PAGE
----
2.1. Body weight and Spleen Characteristics
In all dietary groups, obese rats were shown to have higher body (650 ± 9 g vs. 382 ± 7 g, P < 0.001) and spleen weights compared (0.77 ± 0.01g, P < 0.05) to lean Ctl rats. Dietary treatment did not significantly affect final body weight (650 ± 9 g, Ctl; 660 ± 11 g, VA; 668 ± 14 g, EA) or percent body weight gain (48.9%, Ctl; 49.6%, VA; 52.7%, EA) among obese rats. Spleens of rats fed EA (1.2 ± 0.02 g) weighed significantly more than obese Ctl rats (1.0 ± 0.04 g); while the spleens of VA-fed rats (0.88 ± 0.03 g) weighed significantly less compared to obese Ctl and EA-fed rats (P < 0.05). The number of splenocytes did not differ between lean (3.52 × 108 cells) and obese (3.90 × 108 cells) or with VA (3.97 × 108 cells) or EA (3.00 × 108 cells) feeding.
2.2. Fatty Acid Composition of Plasma PL
Compared to lean Ctl rats, obese Ctl rats had a higher proportion of 16:0, 18:1 (n-9), C18:1 (n-7), 20:3 (n-6), total MUFA, and a lower percentage of 18:0 and 20:4 (n-6) in plasma phospholipids (, P < 0.05). Compared to obese Ctl and EA rats, there was a higher proportion of 18:1trans11, 18:1 (n-9), C18:1 (n-7), 18:2 (n-6) and 20:3(n-6), and a lower percentage of 12:0 (Ctl only) in plasma PLs of rats fed VA (, P < 0.05). Overall VA-fed rats had a higher percentage of total PUFA, n-6:n-3 PUFA, n-6 PUFA and PUFA:SFA, and a lower proportion of total SFA relative to EA-fed rats (, P < 0.05). EA-fed rats also had a higher proportion of 18:1 trans9 compared to all groups, and a lower proportion of total n-6 PUFA relative to obese Ctl rats (, P < 0.05). The plasma level of EA in EA-fed rats was similar to the plasma level of VA in VA-fed rats. The plasma 20:4(n-6):20:3(n-6), an estimate of delta-5 desaturase, was higher in VA-fed rats (0.14 ± 0.00) relative to EA (0.11± 0.00) and Ob Ctl rats (0.12 ± 0.00). There was a slight difference in estimated delta-9 desaturase activity (MUFA:SFA) between VA (4.48 ± 0.20) and Ctl (6.85 ± 0.58), but not EA (5.39 ± 0.85).
Plasma PL fatty acid concentrations in lean rats and obese JCR:LA-cp rats fed Ctl, VA or EA diets.
|Lean Ctl||Obese Ctl||VA||EA|
|% of fatty acids|
|12:0||2.3 ± 0.2ab||2.7 ± 0.5a||1.0 ± 0.3b||1.8 ± 0.9ab|
|16:0||21 ± 1b||26 ± 1a||25 ± 1a||28 ± 3.1a|
|18:0||34 ± 1a||27 ± 0b||26 ± 1b||28 ± 3b|
|18:1trans9||0b||0b||0b||1.6 ± 0.2a|
|18:1trans11||0b||0b||1.5 ± 0.1a||0b|
|18:1(n-9)||3.9 ± 0.1c||5.4 ± 0.1b||5.9 ± 0.1a||5.2 ± 0.1b|
|18:1(n-7)||0.7 ± 0.0c||1.4 ± 0.0b||1.6 ± 0.1a||1.3 ± 0.1b|
|18:2(n-6)||15 ± 1b||18 ± 0.9b||22 ± 1a||15 ± 2b|
|c9t11CLA||0||0||0.06 ± 0.05||0|
|20:3(n-6)||0c||1.8 ± 0.3b||2.4 ± 0.1a||2.0 ± 0.3ab|
|20:4(n-6)||18 ± 1a||14 ± 1b||11 ± 1b||10 ± 1b|
|22:5(n-3)||0.05 ± 0.05a||0.24 ± 0.01a||0.31 ± 0.05a||0.18 ± 0.06a|
|22:6(n-3)||1.3 ± 0.1a||1.5 ± 0.1a||1.1 ± 0.1a||1.3 ± 0.2a|
|MUFA||4.3 ± 0.2c||6.7 ± 0.1ab||7.5 ± 0.1a||6.4 ± 0.1b|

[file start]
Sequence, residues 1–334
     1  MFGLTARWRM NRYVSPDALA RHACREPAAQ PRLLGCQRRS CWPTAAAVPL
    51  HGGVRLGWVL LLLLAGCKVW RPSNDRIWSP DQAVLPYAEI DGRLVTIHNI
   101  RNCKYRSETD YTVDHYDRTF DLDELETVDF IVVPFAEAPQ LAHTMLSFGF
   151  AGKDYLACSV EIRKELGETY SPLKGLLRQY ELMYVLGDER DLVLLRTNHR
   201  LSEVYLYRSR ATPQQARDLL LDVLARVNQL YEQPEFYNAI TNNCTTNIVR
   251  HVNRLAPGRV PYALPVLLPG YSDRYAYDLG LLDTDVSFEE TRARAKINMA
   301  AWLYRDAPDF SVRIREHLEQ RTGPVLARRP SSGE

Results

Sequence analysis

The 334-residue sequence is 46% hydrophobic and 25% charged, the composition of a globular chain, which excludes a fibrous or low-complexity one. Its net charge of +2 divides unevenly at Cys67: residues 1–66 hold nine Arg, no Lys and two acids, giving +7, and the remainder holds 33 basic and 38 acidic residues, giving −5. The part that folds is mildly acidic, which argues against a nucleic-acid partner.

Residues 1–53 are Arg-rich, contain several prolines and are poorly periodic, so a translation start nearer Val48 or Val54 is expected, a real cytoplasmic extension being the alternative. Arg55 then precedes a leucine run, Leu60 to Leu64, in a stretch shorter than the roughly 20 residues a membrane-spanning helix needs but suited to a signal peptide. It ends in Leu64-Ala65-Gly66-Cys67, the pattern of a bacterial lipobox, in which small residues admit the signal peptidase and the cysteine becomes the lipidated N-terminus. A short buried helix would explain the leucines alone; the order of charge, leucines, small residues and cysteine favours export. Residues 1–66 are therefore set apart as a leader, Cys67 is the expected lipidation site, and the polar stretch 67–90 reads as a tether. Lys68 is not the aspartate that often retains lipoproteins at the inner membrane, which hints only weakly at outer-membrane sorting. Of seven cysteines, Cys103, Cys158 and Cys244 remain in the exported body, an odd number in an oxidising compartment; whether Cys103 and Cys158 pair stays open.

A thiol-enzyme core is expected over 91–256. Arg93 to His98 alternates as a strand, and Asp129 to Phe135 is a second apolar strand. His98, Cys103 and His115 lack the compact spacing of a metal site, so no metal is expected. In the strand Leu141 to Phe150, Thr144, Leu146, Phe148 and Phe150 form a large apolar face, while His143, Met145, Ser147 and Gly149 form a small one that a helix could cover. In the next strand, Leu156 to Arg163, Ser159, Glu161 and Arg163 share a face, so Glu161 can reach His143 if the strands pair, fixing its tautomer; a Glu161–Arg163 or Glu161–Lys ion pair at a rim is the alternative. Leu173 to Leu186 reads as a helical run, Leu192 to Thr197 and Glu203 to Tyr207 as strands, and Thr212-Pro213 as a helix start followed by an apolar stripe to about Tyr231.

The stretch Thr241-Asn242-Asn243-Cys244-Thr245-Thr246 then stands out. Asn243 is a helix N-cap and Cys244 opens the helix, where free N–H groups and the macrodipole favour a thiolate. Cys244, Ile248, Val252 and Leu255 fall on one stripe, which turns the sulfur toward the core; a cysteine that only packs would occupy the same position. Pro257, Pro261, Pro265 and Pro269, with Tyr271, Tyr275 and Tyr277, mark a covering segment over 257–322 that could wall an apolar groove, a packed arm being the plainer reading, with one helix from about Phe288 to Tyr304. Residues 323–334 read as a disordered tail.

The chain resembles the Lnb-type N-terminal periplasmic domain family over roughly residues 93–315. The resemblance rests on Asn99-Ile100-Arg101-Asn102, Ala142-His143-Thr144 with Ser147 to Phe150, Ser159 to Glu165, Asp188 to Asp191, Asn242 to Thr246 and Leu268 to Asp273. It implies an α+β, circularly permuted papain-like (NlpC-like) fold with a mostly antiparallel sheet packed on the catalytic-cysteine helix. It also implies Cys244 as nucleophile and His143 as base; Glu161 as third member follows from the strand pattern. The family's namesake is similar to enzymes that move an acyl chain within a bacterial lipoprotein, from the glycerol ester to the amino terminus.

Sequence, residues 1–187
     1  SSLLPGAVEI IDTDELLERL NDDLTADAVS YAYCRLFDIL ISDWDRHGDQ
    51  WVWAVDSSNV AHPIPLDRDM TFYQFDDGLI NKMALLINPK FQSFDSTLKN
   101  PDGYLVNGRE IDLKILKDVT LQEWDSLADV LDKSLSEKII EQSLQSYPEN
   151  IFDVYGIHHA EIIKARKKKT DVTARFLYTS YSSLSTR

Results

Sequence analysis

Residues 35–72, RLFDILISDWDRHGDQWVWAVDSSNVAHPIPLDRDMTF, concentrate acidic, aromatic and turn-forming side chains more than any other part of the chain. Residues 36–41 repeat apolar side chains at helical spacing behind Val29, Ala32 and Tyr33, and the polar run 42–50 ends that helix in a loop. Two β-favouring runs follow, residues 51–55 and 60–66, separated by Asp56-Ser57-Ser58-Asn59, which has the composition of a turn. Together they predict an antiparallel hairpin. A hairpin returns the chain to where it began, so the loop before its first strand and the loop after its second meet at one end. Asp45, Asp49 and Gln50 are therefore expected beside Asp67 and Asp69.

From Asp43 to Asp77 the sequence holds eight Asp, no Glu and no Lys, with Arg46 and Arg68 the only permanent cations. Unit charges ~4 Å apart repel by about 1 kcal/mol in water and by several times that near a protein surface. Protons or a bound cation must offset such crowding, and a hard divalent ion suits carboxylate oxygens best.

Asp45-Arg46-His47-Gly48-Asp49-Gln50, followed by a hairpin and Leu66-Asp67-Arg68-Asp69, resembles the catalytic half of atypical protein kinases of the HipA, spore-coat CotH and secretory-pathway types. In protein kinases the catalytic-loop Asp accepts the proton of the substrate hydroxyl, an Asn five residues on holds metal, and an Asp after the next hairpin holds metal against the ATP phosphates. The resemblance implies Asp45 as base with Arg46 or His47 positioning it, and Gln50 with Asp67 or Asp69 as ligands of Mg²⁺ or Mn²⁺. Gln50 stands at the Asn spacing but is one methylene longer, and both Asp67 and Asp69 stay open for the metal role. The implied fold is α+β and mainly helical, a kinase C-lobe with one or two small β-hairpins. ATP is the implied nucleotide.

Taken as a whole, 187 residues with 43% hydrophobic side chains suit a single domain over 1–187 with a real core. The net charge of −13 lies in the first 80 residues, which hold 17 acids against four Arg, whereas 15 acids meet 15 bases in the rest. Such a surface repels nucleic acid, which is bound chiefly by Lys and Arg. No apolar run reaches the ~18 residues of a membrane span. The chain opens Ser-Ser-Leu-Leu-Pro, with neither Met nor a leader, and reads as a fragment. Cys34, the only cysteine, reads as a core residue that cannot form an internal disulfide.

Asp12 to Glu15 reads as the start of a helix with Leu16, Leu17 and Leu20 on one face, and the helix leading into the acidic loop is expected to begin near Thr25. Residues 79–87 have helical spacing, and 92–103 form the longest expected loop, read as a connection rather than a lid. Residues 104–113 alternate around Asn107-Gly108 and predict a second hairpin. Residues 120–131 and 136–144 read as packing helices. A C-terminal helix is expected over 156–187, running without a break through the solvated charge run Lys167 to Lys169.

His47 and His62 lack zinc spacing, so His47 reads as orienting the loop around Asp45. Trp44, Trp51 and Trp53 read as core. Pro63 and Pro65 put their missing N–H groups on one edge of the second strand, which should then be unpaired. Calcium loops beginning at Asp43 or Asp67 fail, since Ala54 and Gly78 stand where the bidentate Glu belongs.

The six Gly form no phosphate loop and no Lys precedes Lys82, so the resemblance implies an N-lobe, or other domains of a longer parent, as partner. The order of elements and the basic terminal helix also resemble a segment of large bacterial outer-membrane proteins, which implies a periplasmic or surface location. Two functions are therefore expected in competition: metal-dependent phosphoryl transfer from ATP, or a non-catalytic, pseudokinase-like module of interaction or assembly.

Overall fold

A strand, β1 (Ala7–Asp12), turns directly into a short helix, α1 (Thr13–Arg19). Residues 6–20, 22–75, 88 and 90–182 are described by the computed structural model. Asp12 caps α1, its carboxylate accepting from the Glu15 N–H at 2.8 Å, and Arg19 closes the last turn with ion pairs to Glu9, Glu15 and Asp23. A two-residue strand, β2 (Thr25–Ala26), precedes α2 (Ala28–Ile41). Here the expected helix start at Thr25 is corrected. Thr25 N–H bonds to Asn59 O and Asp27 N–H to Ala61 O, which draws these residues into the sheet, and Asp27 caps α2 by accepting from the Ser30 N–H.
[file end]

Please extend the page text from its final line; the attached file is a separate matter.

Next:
|SFA||56 ± 1a||55 ± 1ab||52 ± 0b||57 ± 1a|
|PUFA||34 ± 2ab||35 ± 1ab||36 ± 0a||32 ± 1b|
|PUFA:SFA||0.61 ± 0.20ab||0.64 ± 0.03ab||0.69 ± 0.01a||0.56 ± 0.02b|
|n-6 PUFA||33 ± 1a||33 ± 1a||35 ± 0a||30 ± 1b|
|n-3 PUFA||1.4 ± 0.1a||1.7 ± 0.1a||1.4 ± 0.1a||1.7 ± 0.2a|
|n-6:n-3 PUFA||26 ± 2.7a||20 ± 1.1ab||26 ± 2.9a||19 ± 2.5b|
2.3. Fatty Acid Composition of Splenocyte PL
In the PE fraction, splenocytes of obese Ctl rats had a higher proportion of 16:0, 18:1cis11, 20:3(n-6), 22:5(n-3), 22:6(n-3), MUFA and n-3 PUFA and had a lower percentage of 18:0, 18:2(n-6), (n-6) PUFA and (n-6):(n-3) compared to lean rats (, P < 0.05). Relative to obese Ctl rats, rats fed VA had a higher proportion of VA, 18:1cis11, and 18:2(n-6) and a lower percentage of 20:4(n-6), 22:6(n-3) and total PUFA (P < 0.05, ). Rats fed EA had a higher percentage of EA and 20:3(n-6) and a lower proportion of 16:0, 18:1cis11 and total SFA (P < 0.05, ).
Splenocyte phosphatidylethanolamine fatty acid composition of lean rats and obese JCR:LA-cp rats fed Ctl, VA or EA diets.
|Lean Ctl||Obese Ctl||VA||EA|
|C16:0||3.4 ± 0.1c||5.0 ± 0.1a||5.2 ± 0.2a||4.2 ± 0.1b|
|C18:0||25 ± 0a||22 ± 0b||22 ± 0b||23 ± 0b|
|C18:1trans9||0||0||0||1.4 ± 0.1|
|18:1trans11||0.38 ± 0.08b||0.34 ± 0.02b||1.1 ± 0.1a||0.30 ± 0.00b|
|C18:1cis9||5.0 ± 0.1a||5.2 ± 0.1a||5.2 ± 0.1a||5.1 ± 0.1a|
|C18:1cis11||0.58 ± 0.03d||1.0 ± 0.0b||1.2 ± 0.0a||0.91 ± 0.03c|
|C18:2 (n-6)||4.3 ± 0.4a||3.6 ± 0.1b||4.1 ± 0.1a||3.5 ± 0.1b|
|C18:3 (n-3)||0.30 ± 0.02a||0.29 ± 0.03a||0.35 ± 0.01a||0.31 ± 0.01a|
|C20:3 (n-6)||1.0 ± 0.1c||1.5 ± 0.1b||1.5 ± 0.0b||1.7 ± 0.1a|
|C20:4 (n-6)||40 ± 1a||40 ± 0a||38 ± 1b||40 ± 0a|
|C20:5 (n-3)||0.76 ± 0.46a||0.40 ± 0.12a||1.4 ± 0.7a||0.68 ± 0.15a|
|C22:4 (n-6)||0.65 ± 0.06a||0.70 ± 0.05a||0.62 ± 0.07a||0.55 ± 0.03a|
|C22:5 (n-3)||2.7 ± 0.1b||4.4 ± 0.1a||4.1 ± 0.1a||4.3 ± 0.2a|
|C22:6 (n-3)||2.1 ± 0.1c||3.9 ± 0.2a||2.8 ± 0.1b||3.6 ± 0.1a|
|MUFA||5.7 ± 0.3b||6.5 ± 0.1a||7.5 ± 0.1a||6.4 ± 0.1a|
|SFA||33 ± 1a||31± 0a||31 ± 1a||29 ± 0b|
|PUFA||60 ± 1ab||61 ± 0a||58 ± 1b||61 ± 0a|
|PUFA:SFA||1.8 ± 0.1b||2.0 ± 0.0ab||1.9 ± 0.1b||2.1 ± 0.0a|
|(n-6) PUFA||46 ± 1a||44 ± 0.2bc||43 ± 1c||45 ± 0ab|
|(n-3) PUFA||14 ± 0c||16 ± 0a||15 ± 1b||16 ± 0ab|
|(n-6):(n-3) PUFA||3.3 ± 0.1a||2.7 ± 0.0b||2.9 ± 0.1b||2.8 ± 0.1b|
In the PC fraction, splenocytes of obese Ctl rats had a higher proportion of 16:0, 18:1cis9, 18:1cis11, 20:3(n-6), 22:6(n-3) MUFA and n-3 PUFA and a lower percentage of 18:0, 18:2(n-6), 18:3(n-3), 20:5(n-3), C22:4(n-6), total PUFA, (n-6) PUFA and (n-6):(n-3) compared to lean Ctl rats (, P < 0.05). Relative to obese Ctl rats, both VA and EA fed rats had a higher proportion 18:2(n-6) and a lower proportion of 20:4(n-6) (, P < 0.05). Only rats fed VA had a higher proportion of VA, and (n-6):(n-3) PUFA and lower proportion of 18:1cis9, 22:6(n-3) and (n-3) PUFA relative to obese Ctl group (P < 0.05, ). The EA group had more EA, 18:2(n-6), 20:3(n-6), and 22:5(n-3) and less 18:0, VA, and total SFA in PC PL compared to obese Ctl rats (P < 0.05, ).
Splenocyte phosphatidylcholine fatty acid composition of lean rats and obese JCR:LA-cp rats fed Ctl, VA or EA diets.
|Lean Ctl||Obese Ctl||VA||EA|
|C16:0||31 ± 0a||36 ± 0b||37± 0b||36 ± 0b|
|C18:0||17 ± 0a||13 ± 0b||12 ± 0bc||12 ± 0c|
|C18:1trans9||0||0||0||2.1 ± 0.0|
|18:1trans11||0.60 ± 0.07b||0.71 ± 0.04b||1.5 ± 0.1a||0|
|C18:1cis9||9.0 ± 0.1b||9.4 ± 0.1a||9.0 ± 0.1b||9.6 ± 0.1a|
|C18:1cis11||2.0 ± 0.1c||3.4 ± 0.1ab||3.6 ± 0.1a||3.4 ± 0.0b|
|C18:2 (n-6)||12 ± 0a||10 ± 0c||11 ± 0b||11 ± 0b|
|C18:3 (n-3)||0.95 ± 0.02a||0.79 ± 0.03b||0.82 ± 0.02b||0.86 ± 0.02b|
|C20:3 (n-6)||1.0 ± 0.0c||1.7 ± 0.1b||1.7 ± 0.0b||2.0 ± 0.1a|
|C20:4 (n-6)||17 ± 1a||16 ± 0a||14 ± 0b||14 ± 0b|
|C20:5 (n-3)||0.07 ± 0.00a||0.05 ± 0.00b||0.07 ± 0.02ab||0.05 ± 0.00ab|
|C22:4 (n-6)||0.10 ± 0.00a||0.10 ± 0.00b||0.08 ± 0.02b||0.10 ± 0.00b|
|C22:5 (n-3)||0.38 ± 0.01b||0.66 ± 0.01b||0.60 ± 0.02b||0.73 ± 0.03a|
|C22:6 (n-3)||0.39 ± 0.01c||0.74 ± 0.03a||0.54 ± 0.02b||0.74 ± 0.03a|